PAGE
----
The above preview is unformatted text

This student written piece of work is one of many that can be found in our International Baccalaureate History section.

Found what you're looking for?

  • Start learning 29% faster today
  • 150,000+ documents available
  • Just £6.99 a month

Not the one? Search for your essay title...
  • Join over 1.2 million students every month
  • Accelerate your learning by 29%
  • Unlimited access from just £6.99 per month

See related essaysSee related essays

Related International Baccalaureate History essays

  1. History Internal Somme

    "The British had suffered 19,240 dead, 35,493 wounded, 2,152 missing and 585 prisoners for a total loss of 57,470." It was also said at one point on the line, the ratio of British to German deaths was 18-1. (http://www.wikipedia.org). After this first day, Haig continued the onslaught of the German trenches without much success.

  2. Why did Canada send troops to Afghanistan

    a forthcoming meeting of President George Bush and Prime Minister Jean Chr´┐Żtien.9 The following day, Minister of National Defence, Art Eggleton, announced Operation Apollo, the moniker of the first American moon landing, and one obviously chosen to express solidarity with the United States in its moment of tragedy.10Consequently, on December

  1. Britain in WWI

    Neutrality of 1839 and thus could not be trusted in any other treaties, alliances and promises. The public of course was much more motivated by this statement than the otherwise possible "Germany is building ship docks closer to us" statement or "we need to prove ourselves stronger and eliminate them".

  2. History Before WWI

    meaning that capitalism and its evils could be avoided altogether [D] Background history to the downfall of the last tsar Modernization They needed to modernize and industrialize for two basic reasons: 1. To be a great power in the 20th century: wanted their country to play a major role on the world stage 2.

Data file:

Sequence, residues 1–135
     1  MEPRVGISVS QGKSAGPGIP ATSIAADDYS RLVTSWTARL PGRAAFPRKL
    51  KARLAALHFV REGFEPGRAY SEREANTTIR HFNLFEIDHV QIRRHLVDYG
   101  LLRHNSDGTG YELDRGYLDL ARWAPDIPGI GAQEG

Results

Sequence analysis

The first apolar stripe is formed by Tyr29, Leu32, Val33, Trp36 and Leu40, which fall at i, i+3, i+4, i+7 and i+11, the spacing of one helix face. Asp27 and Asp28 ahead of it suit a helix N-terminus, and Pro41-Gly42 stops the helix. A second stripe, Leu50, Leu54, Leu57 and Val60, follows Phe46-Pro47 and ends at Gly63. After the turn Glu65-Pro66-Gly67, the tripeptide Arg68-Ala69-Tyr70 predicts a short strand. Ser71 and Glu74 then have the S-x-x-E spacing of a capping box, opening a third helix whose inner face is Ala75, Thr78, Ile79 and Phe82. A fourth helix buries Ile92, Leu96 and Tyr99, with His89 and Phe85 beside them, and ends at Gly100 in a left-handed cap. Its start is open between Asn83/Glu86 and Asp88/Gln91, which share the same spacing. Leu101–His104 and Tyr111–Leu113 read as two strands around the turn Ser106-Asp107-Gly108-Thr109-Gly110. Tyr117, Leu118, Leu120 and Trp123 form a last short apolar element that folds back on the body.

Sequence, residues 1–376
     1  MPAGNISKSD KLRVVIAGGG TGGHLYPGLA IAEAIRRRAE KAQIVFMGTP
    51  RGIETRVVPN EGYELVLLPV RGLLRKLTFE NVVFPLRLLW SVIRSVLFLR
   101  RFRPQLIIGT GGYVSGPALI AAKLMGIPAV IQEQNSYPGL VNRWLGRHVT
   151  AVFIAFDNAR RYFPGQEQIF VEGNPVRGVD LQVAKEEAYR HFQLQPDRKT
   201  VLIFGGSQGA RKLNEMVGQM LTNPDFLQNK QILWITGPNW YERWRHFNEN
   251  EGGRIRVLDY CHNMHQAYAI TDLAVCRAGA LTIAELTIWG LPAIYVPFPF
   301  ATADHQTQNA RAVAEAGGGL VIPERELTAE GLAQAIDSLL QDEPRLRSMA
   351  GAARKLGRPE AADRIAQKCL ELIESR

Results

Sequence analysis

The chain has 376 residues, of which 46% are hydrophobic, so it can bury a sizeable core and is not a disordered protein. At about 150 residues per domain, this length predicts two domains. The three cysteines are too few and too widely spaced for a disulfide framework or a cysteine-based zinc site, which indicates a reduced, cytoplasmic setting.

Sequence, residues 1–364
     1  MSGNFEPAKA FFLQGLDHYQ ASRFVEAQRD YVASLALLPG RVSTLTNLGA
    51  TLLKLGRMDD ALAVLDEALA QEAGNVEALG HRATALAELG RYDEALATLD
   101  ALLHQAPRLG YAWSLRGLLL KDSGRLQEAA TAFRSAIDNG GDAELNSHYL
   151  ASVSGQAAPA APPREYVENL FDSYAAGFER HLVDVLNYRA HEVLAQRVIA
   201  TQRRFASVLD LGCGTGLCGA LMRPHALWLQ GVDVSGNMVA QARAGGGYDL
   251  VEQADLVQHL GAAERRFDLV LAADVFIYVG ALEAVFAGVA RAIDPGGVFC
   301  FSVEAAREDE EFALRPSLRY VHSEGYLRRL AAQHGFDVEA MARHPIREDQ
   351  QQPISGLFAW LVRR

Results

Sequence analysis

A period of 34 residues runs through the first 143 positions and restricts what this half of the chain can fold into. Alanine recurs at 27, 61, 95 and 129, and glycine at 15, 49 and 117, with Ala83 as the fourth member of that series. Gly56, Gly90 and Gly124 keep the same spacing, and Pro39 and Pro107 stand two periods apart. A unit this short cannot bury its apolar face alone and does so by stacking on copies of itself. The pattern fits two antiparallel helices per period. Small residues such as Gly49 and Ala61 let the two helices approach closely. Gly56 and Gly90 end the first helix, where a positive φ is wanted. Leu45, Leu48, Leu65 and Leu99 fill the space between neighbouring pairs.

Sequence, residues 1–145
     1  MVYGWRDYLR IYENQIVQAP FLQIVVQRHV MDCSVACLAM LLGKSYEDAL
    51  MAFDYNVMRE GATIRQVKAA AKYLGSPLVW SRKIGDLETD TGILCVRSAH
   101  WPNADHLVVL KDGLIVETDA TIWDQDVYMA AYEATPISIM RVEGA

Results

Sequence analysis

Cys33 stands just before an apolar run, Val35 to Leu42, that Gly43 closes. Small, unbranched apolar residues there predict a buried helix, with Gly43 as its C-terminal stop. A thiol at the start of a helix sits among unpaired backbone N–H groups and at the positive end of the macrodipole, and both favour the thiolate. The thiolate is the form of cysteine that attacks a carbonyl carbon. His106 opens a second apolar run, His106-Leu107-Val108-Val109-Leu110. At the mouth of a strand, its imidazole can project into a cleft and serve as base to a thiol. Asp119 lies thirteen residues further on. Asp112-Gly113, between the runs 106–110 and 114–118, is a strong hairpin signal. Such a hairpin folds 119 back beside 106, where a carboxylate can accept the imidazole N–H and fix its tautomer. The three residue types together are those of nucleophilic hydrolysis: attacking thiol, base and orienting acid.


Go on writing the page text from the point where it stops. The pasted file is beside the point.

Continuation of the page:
1. What military impacts did Canada play in World War II?

    During the war, Canada took an important role in many of the biggest battles. Canadian force provided the main infantrymen count for the Dieppe Raid of August 1942, in which half of the Canadian army was captured, wounded, or killed.

  2. Changing role of women

    18- Who was Nancy lady Astor? 19- Who was John Stuart Mill? 20- What were the most important dates in which the suffragettes did horrible things and that in consequence they were not given the vote in 1914? Answers 1-Yes, Absolutely after the First World War the change in the women role was impressive.

  1. The Effects of the Great Depression on Canada.

    A few tried to save the market, like J. P. Morgan, but that did not hold the market for long. It fluctuated up and down and came down the Thursday morning of October 23, 1929, which is better known as Black Thursday.

  2. Has Canada always been fair when it comes to immigration?

    The needless policy, developed in 1907, was used in order to keep South Asian immigrants out of Canada, as the Canadian government felt that the Indians were taking over their economy (Fine- Meyer- 11). However, this statement had no element of truth.

  • Over 160,000 pieces
    of student written work
  • Annotated by
    experienced teachers
  • Ideas and feedback to
    improve your own work